As explained earlier, our robot does NOT imitate humans. The robot reads human gestures and interprets them in a manner it feels appropriate.

2) In what ways will the robot be helpful to mankind? In what all activities can it be useful?

Our framework is not specific to a robot. It enables humans to teach any robot any task (that can be performed by the robot) using simple instructions.
(A robot’s capabilities are chiefly limited by its hardware that is the robot must have flying machinery in order for it to learn to fly.)

3) How long did it take you to work on this framework?

The formalization and current implementation took us 5 months starting from early November. Although, we have been thinking about it for a longer time.

4) Has the framework been successfully developed, or is it still in the testing period?

The framework is in its testing stage. There is still a lot of work that has to be done to achieve full utility. Although, we have tested it in its current state on a robot learning a simple sorting task.

5) Was this work presented at Stanford?

This work was not presented at Stanford. My trip to Stanford has nothing to do with the robot or the framework. I went there to attend the ASES 2011 Summit.

==References==

[1] Pradyot, K. V. N., Manimaran, S. S., and Ravindran, B. (2012) “Instructing a Reinforcement Learner”. To appear in the Proceedings of the Twenty Fifth Florida AI Research Society Conference (FLAIRS 2012). AAAI Press.
[2] Pradyot, K. V. N. and Ravindran, B. (2011) “Beyond Rewards: Learning with Richer Supervision”. In the Proceedings of the Ninth European Workshop on Reinforcement Learning (EWRL 2011).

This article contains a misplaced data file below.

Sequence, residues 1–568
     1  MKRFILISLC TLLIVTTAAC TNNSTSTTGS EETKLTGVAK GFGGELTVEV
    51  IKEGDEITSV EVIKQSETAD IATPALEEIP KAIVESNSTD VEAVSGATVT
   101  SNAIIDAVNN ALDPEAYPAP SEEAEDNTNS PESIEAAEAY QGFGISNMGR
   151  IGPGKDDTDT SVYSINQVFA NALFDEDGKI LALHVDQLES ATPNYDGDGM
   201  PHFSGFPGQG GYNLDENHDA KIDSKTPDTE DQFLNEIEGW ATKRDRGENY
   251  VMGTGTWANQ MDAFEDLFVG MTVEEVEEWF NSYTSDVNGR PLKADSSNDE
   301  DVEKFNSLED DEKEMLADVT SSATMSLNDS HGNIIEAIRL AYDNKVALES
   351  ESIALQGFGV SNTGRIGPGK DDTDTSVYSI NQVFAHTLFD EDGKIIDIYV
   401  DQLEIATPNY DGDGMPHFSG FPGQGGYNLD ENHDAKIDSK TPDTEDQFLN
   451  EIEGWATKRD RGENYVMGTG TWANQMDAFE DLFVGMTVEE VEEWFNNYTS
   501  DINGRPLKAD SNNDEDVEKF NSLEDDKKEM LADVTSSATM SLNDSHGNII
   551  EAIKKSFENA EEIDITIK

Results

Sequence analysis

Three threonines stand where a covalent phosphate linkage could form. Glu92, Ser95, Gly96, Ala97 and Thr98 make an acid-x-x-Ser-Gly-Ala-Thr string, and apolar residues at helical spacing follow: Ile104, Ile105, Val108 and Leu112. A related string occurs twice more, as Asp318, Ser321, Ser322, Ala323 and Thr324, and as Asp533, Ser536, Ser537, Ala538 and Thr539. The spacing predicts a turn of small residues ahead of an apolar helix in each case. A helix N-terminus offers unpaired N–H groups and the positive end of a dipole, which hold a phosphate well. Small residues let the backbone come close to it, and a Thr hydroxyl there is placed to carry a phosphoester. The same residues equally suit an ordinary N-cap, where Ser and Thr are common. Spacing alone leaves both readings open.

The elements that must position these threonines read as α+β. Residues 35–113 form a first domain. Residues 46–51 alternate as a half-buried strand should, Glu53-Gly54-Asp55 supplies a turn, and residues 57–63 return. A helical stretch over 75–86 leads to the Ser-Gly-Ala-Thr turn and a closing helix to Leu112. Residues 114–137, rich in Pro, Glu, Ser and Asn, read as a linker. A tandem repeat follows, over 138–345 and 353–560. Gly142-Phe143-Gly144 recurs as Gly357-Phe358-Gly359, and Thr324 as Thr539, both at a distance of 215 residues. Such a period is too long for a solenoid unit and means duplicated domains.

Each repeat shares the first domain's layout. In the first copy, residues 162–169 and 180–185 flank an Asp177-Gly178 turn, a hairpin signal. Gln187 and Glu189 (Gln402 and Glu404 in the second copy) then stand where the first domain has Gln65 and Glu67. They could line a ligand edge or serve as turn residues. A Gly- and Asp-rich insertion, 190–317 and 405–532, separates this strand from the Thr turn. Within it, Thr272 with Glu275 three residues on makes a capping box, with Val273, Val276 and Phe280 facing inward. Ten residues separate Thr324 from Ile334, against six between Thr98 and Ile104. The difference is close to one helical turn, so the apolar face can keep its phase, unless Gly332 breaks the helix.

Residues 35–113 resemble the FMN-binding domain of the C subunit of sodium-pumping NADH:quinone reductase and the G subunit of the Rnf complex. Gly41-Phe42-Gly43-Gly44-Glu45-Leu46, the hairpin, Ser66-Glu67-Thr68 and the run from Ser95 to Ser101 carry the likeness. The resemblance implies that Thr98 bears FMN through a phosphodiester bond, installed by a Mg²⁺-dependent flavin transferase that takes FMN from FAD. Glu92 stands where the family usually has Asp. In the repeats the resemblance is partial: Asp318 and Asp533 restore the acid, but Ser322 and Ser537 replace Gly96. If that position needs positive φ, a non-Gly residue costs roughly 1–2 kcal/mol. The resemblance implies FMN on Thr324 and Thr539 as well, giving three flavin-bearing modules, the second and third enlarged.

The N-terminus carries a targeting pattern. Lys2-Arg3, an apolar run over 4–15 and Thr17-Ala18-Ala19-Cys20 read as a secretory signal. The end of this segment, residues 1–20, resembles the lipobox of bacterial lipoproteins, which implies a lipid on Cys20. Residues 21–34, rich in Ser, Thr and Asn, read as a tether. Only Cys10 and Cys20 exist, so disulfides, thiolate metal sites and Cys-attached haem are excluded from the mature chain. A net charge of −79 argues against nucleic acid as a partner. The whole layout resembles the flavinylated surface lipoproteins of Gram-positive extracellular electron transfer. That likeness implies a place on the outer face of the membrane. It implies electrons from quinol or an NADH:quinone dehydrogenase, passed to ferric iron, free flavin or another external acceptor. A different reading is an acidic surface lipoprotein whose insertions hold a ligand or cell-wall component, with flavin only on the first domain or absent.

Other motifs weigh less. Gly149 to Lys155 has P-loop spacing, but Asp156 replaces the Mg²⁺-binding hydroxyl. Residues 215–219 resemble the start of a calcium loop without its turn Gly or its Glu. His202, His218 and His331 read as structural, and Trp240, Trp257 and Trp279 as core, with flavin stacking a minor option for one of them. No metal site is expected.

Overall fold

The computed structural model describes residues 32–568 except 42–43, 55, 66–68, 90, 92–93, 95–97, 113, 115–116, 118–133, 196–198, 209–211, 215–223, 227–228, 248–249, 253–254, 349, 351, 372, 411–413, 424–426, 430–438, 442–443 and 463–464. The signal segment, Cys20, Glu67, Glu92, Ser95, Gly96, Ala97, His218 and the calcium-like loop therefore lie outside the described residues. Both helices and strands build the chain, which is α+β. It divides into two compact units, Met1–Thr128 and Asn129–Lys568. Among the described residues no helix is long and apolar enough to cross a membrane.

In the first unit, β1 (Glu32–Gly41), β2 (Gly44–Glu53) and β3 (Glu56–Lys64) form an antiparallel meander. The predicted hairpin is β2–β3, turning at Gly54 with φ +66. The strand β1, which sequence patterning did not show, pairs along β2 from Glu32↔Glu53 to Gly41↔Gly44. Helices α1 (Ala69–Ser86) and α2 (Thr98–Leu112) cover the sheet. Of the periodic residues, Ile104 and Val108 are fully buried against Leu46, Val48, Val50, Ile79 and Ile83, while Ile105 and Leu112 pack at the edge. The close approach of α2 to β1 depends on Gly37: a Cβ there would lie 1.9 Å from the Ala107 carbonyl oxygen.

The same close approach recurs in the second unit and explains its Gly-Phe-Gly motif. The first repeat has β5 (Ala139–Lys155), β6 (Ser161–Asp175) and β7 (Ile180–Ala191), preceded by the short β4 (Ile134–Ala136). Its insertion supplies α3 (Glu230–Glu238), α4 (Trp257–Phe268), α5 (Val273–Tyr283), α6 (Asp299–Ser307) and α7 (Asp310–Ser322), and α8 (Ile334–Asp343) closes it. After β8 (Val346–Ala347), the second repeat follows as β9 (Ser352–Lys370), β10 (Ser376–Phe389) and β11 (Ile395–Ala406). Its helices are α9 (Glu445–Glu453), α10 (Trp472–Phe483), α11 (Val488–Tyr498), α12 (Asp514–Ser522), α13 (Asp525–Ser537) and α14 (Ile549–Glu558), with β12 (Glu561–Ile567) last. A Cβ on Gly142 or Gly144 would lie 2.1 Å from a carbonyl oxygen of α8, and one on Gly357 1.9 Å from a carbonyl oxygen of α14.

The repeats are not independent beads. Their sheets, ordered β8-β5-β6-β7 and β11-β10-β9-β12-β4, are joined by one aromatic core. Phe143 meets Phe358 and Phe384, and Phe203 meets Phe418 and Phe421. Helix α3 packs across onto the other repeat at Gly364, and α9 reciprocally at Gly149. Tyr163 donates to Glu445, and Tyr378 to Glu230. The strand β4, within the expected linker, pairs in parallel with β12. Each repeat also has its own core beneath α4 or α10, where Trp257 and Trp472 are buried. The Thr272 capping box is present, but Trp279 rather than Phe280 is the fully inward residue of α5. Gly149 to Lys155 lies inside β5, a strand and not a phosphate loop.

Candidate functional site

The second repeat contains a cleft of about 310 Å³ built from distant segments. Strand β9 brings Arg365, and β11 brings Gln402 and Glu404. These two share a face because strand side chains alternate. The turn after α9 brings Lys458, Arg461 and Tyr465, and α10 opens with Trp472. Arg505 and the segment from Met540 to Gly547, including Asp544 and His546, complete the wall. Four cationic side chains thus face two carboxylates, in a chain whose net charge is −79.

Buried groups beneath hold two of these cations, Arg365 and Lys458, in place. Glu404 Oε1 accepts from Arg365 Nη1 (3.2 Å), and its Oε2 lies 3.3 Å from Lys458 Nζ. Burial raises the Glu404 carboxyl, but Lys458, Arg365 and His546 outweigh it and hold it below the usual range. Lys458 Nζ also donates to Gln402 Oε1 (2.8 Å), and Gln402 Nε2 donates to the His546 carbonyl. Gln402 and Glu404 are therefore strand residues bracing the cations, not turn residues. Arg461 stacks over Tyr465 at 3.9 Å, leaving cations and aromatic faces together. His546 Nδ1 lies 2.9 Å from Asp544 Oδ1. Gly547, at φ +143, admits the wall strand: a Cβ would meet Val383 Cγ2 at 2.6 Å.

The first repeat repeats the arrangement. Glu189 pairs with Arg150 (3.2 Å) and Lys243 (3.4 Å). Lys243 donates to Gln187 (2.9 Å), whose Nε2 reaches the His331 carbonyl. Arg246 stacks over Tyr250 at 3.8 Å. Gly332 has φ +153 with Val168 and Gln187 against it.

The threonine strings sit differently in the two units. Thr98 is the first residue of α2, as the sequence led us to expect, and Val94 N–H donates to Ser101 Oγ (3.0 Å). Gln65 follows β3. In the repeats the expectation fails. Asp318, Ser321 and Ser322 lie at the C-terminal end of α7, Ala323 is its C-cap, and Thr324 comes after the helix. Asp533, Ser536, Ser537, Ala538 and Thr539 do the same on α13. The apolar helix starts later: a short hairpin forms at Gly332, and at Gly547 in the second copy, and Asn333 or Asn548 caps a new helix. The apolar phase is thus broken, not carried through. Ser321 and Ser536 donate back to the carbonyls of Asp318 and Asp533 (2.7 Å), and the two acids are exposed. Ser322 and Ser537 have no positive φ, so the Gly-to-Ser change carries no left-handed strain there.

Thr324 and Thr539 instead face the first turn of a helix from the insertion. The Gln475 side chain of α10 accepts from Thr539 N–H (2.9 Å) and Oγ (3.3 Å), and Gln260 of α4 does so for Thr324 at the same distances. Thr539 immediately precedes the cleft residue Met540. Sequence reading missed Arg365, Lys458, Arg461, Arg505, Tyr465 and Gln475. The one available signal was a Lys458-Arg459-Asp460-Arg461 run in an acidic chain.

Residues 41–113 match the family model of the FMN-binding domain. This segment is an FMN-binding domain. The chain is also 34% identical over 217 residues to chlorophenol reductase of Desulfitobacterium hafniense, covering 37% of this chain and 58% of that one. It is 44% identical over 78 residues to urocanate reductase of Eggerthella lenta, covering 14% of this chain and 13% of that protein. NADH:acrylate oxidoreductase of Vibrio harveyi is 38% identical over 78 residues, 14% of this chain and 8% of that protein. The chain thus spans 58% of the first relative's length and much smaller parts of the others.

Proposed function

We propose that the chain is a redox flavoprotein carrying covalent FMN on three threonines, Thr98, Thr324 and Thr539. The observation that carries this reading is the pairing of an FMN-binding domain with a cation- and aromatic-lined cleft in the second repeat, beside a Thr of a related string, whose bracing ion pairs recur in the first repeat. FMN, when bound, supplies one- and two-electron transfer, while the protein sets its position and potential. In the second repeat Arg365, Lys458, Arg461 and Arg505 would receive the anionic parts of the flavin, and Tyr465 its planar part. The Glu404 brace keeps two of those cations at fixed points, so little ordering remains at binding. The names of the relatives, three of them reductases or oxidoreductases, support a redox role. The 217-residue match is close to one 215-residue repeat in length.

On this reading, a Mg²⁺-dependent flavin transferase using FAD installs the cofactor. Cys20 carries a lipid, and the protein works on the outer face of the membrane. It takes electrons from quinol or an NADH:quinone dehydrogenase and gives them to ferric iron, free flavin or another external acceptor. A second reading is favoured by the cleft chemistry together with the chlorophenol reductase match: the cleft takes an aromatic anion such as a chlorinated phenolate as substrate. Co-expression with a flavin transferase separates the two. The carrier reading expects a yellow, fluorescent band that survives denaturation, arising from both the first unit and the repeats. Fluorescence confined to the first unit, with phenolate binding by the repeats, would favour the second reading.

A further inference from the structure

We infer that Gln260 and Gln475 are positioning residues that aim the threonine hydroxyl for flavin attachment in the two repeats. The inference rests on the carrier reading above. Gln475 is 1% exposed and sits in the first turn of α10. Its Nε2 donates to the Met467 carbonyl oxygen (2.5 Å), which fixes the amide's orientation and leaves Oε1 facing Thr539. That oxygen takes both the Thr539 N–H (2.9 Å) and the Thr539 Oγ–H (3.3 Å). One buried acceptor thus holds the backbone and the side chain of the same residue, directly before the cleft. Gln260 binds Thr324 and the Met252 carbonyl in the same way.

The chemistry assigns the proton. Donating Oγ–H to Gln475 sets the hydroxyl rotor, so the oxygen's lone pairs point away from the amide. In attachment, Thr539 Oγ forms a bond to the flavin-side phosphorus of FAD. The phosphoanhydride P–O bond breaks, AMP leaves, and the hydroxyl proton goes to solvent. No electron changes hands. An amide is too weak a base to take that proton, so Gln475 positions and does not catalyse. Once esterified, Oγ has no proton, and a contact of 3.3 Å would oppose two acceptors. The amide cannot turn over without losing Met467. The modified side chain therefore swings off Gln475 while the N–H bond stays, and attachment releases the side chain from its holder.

[3] Robot Learning Aided by Gesture based Instructions currently under review for the 2012 IEEE/RSJ International Conference on Intelligent Robots and Systems (IROS 2012).

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5 DoF Robot Arm control simulated in OpenRave. Trajectories are generated using Rapidly-Exploring Random Trees. Actual robot is controlled by communicating joint configurations through an Arduino board.

Objective was to teach a robot to sort objects into baskets of the same color using gesture based instructions.

  • Use of Markov Logic Networks in conjunction with a Reinforcement Learning framework to learn from instructions during the teaching phase.
  • Gestures sensed through Kinect using the OpenNI library.
  • Robot arm control using OpenRave and ROS. Plans to control the arm were generated using a RRT (Rapidly-Exploring Random Tree) based planner.
  • P3DX mobile base navigations implemented with Kinect as a sensor using the ROS Navigation stack.
  • Implemented the Reinforcement Learning framework by building over the ROS reinforcement_learning stack.